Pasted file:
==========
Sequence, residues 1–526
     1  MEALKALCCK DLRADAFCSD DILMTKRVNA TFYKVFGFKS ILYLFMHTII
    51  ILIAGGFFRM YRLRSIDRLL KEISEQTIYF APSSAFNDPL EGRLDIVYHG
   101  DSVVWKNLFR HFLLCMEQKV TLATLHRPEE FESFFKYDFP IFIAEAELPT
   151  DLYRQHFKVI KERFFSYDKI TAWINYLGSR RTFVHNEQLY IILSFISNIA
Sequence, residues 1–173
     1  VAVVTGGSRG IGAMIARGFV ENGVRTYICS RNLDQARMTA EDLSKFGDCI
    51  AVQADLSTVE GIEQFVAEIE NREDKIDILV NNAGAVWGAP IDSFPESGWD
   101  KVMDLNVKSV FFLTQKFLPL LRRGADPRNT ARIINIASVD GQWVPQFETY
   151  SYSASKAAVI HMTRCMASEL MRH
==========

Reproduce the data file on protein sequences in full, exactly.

Sequence, residues 1–526
     1  MEALKALCCK DLRADAFCSD DILMTKRVNA TFYKVFGFKS ILYLFMHTII
    51  ILIAGGFFRM YRLRSIDRLL KEISEQTIYF APSSAFNDPL EGRLDIVYHG
   101  DSVVWKNLFR HFLLCMEQKV TLATLHRPEE FESFFKYDFP IFIAEAELPT
   151  DLYRQHFKVI KERFFSYDKI TAWINYLGSR RTFVHNEQLY IILSFISNIA
Sequence, residues 1–173
     1  VAVVTGGSRG IGAMIARGFV ENGVRTYICS RNLDQARMTA EDLSKFGDCI
    51  AVQADLSTVE GIEQFVAEIE NREDKIDILV NNAGAVWGAP IDSFPESGWD
   101  KVMDLNVKSV FFLTQKFLPL LRRGADPRNT ARIINIASVD GQWVPQFETY
   151  SYSASKAAVI HMTRCMASEL MRH